This is becoming one of those down-the-rabbit-hole sort of things.
It all started with the exhibition in Lyon about Hugo Pratt and Corto Maltese. I did a follow-up about the Corto series, and I got this idea of doing a re-read of the whole Corto Maltese opus, starting with A Ballad of the Salt Sea.
Which led me back to The Blue Lagoon by Henry De Vere Stacpoole, and from there, while casting glances at Folco Quilici and Thor Heyerdahl, to Morgan Andrew Robertson (that was probably an influence on Edgar Rice Burroughs too).
But it gets weirder than that, and as the rabbit hole gets deeper, I feel compelled to talk about The Lost Islands. Boy but I loved that show as a kid!
The Lost Islands is an Australian TV serial filmed in 1976 – a story about a bunch of kids that are lost at sea during an international educational cruise. The five castaways (Tony from Australia, Mark from America, David from England, Anna from Germany and Su Ying from China) find themselves on an uncharted island called Tambu, inhabited by the descendants of the survivors of the shipwreck of an 18th century convict ship. The islanders have created a strange society and are ruled over by the mysterious Q, a masked man in a monk’s hood, who’s said to be immortal (or at least over 200 years old).
The kids need to escape Q and his henchmen and try and leave the island.
The show featured an engaging (and rather cheesy, in retrospect) opening titles song, that basically brought you up to date on the premise in case you missed the first episode…
You can see the appeal of such a serial for a kid in hie early tens (I was 10 when the series aired in Italy, I think), already immersed in a media landscape crowded with adventure, documentaries and books about exotic places, ancient mysteries and what else. We were all hooked. The series was dutifully followed by all my school chums, and was object of heated debate and speculation during recess in school.
Checking out on the web, I find out that the series, was a modest hit in Australia, but has achieved cult status in Israel, of all places. Possibly for this reason, you can find the whole series (26 30-minutes episodes) on Youtube, with Hebrew subtitles.
As far as I remember, the series closed on an unresolved cliffhanger, and forty-odd years on, the kids are still there, looking for a way out, and trying to unravel the mysteries of the island and of its immortal master.
So, what has all this to do with A Ballad of the Salt Sea?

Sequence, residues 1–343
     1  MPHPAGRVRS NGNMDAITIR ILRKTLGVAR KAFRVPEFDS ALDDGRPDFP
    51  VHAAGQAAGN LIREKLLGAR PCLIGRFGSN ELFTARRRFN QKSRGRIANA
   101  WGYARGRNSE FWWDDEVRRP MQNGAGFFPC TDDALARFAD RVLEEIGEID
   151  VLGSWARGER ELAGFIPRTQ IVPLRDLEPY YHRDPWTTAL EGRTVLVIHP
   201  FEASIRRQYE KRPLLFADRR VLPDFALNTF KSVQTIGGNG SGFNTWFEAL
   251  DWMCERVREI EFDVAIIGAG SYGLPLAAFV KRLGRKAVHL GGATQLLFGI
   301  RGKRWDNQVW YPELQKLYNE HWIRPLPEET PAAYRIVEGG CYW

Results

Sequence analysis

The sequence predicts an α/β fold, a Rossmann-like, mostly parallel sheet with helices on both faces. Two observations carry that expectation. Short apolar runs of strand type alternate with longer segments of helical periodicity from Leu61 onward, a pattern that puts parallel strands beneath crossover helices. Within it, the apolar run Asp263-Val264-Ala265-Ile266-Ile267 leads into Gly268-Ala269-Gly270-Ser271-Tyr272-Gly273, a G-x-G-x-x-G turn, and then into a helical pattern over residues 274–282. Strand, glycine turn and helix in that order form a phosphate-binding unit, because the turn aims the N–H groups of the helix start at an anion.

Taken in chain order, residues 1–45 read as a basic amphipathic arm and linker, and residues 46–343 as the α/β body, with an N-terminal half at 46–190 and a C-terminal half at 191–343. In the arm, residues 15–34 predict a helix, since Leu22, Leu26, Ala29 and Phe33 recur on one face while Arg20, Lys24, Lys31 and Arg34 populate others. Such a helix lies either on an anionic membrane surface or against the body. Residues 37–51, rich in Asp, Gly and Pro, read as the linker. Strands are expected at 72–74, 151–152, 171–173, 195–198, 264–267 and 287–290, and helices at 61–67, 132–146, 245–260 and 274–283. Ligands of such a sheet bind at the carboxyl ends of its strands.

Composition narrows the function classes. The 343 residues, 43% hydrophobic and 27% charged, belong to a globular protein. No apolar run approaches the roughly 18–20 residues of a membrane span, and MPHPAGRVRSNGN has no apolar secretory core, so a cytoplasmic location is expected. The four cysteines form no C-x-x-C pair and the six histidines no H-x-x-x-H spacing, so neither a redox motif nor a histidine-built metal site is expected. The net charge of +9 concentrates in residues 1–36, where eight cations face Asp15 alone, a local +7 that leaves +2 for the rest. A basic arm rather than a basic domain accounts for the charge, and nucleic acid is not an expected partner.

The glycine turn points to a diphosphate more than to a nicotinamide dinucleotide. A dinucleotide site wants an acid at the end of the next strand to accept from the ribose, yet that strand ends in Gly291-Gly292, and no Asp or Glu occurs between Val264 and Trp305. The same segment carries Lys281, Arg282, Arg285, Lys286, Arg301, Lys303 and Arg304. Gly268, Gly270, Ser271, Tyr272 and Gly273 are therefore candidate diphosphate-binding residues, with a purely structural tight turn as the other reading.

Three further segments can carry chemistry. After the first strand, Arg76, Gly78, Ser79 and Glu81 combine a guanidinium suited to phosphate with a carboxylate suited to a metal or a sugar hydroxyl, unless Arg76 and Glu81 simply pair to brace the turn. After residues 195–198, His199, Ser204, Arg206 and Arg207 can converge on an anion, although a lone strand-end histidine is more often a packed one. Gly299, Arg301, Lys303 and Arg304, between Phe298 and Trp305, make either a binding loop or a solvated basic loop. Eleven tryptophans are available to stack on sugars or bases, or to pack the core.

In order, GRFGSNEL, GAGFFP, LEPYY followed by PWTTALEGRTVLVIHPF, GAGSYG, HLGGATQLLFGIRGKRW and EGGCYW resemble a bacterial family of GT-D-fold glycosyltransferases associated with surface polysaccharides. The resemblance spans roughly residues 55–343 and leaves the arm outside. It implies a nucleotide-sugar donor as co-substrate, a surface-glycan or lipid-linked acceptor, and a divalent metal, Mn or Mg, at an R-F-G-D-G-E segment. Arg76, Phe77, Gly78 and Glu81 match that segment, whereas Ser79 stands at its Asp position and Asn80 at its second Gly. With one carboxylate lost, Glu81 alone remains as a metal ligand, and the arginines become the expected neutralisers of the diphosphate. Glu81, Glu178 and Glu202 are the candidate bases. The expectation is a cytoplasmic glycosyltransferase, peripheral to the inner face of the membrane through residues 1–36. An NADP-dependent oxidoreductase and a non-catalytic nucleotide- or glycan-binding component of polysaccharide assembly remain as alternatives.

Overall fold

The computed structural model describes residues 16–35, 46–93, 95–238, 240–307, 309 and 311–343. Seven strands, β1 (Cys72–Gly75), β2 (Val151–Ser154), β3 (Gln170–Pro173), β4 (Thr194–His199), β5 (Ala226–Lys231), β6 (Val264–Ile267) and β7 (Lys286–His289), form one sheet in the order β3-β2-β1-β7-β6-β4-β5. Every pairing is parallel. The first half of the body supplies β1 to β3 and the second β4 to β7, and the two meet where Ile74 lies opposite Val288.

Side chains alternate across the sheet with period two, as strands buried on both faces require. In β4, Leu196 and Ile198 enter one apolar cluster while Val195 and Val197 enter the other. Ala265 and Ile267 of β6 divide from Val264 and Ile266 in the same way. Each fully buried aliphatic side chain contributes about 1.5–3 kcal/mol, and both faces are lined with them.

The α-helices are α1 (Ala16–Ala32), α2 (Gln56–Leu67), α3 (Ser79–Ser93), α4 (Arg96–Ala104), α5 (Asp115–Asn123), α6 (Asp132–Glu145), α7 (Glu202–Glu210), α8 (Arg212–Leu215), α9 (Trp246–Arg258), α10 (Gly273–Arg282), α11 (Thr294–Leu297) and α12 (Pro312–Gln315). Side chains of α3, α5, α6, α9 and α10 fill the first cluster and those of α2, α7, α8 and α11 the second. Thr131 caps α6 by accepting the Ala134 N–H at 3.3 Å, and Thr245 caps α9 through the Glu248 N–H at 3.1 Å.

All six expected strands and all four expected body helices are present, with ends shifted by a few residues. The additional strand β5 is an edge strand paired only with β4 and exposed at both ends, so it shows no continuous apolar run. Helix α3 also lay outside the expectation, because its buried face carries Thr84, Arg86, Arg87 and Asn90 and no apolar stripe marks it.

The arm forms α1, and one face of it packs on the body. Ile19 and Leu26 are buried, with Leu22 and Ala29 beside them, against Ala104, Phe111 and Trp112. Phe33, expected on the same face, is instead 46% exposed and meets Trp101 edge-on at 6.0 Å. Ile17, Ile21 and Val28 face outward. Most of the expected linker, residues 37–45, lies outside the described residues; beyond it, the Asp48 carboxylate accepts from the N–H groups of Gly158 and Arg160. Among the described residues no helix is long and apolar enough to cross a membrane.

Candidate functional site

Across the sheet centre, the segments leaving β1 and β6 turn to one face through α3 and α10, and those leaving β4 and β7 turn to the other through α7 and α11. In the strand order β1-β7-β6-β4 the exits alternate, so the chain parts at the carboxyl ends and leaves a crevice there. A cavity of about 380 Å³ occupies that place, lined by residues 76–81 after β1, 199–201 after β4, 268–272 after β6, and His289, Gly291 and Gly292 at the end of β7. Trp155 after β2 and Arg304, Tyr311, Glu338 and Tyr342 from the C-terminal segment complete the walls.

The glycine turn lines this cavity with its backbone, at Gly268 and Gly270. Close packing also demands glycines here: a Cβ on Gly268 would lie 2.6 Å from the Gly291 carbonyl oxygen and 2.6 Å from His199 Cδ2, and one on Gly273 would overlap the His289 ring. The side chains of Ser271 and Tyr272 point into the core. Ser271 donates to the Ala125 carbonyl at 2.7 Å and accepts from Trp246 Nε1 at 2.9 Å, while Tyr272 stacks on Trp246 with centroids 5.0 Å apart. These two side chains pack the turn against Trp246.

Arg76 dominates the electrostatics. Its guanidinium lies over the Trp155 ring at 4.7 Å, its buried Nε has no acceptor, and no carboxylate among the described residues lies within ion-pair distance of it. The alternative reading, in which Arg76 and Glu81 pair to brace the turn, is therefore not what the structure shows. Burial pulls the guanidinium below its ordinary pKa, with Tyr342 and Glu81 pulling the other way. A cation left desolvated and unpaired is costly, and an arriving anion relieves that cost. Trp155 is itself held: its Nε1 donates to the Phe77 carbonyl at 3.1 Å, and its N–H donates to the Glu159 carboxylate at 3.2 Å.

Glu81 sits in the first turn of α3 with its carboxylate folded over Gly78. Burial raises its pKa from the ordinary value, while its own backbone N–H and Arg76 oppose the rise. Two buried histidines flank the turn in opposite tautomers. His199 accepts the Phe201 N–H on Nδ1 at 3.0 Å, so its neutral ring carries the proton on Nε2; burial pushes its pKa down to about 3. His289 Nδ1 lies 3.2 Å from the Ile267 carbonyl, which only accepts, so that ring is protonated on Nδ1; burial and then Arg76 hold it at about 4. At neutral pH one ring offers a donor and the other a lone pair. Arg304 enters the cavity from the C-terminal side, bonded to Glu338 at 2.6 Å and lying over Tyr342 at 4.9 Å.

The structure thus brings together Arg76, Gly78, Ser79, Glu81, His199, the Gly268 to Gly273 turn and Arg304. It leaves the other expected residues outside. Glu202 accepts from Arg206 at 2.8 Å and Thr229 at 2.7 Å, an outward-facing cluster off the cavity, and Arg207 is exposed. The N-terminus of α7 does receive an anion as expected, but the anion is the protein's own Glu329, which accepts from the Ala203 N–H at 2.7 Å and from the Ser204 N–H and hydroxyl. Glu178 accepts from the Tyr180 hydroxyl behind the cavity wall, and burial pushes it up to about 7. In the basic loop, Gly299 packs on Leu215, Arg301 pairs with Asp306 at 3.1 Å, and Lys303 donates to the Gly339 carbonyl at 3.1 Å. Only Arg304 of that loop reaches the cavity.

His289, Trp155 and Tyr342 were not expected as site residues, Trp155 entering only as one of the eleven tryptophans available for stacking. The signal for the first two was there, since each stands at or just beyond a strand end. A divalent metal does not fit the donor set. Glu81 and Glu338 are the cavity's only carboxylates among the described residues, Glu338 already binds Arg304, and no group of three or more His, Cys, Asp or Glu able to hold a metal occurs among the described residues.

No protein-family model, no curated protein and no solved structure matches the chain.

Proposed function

Well, the obvious connection is the castaway kids, a recurring theme in the Pratt comic, and in the stories by Stacpoole and Robertson, but it gets better than that.
Because in the opening pages of Ballad we discover that Corto and his counterpart Rasputin are both in the service of a mysterious man known as The Monk.
The Monk wears a monk’s hood that completely hides his face, is said to be immortal (or at least over 100 years old), and lives like a king on a mysterious uncharted island. Just like the mysterious Q.
Did somebody in Australia read Corto Maltese and took inspiration from it? Or is this a glimpse at a common source?
And if it is a common source – what is it?
I am open to suggestions.
And this rabbit-hole thing might as well continue, because of course the five kids of The Lost Islands were stranded on Tambu, and that’s the title of a Toto record from 1995 – the one with the pulp paperback on the cover, the one with a South Seas islands sort of illustration. The one I will probably listen as I finish reading A Ballad of the Salt Sea.
Post Scriptum: according to the official Toto website…
The word Tambu is the name for an ancient South-American dance, which is pictured on the sleeve of the album.
While Toto was in the studio going over possible albm titles, David Paich came across the word in a book of 1940s style art. He fell in love with it, and all the other titles were abandoned.
The sleeve (designed by Dan Brereton) shows an American pulp novel from the fifties with the title “Tambu: they ignited the passion of a lost generation”.
Oh, well, that’s a bit of rabbit hole I won’t have to fall through, apparently.
But I’m listening to the record anyway.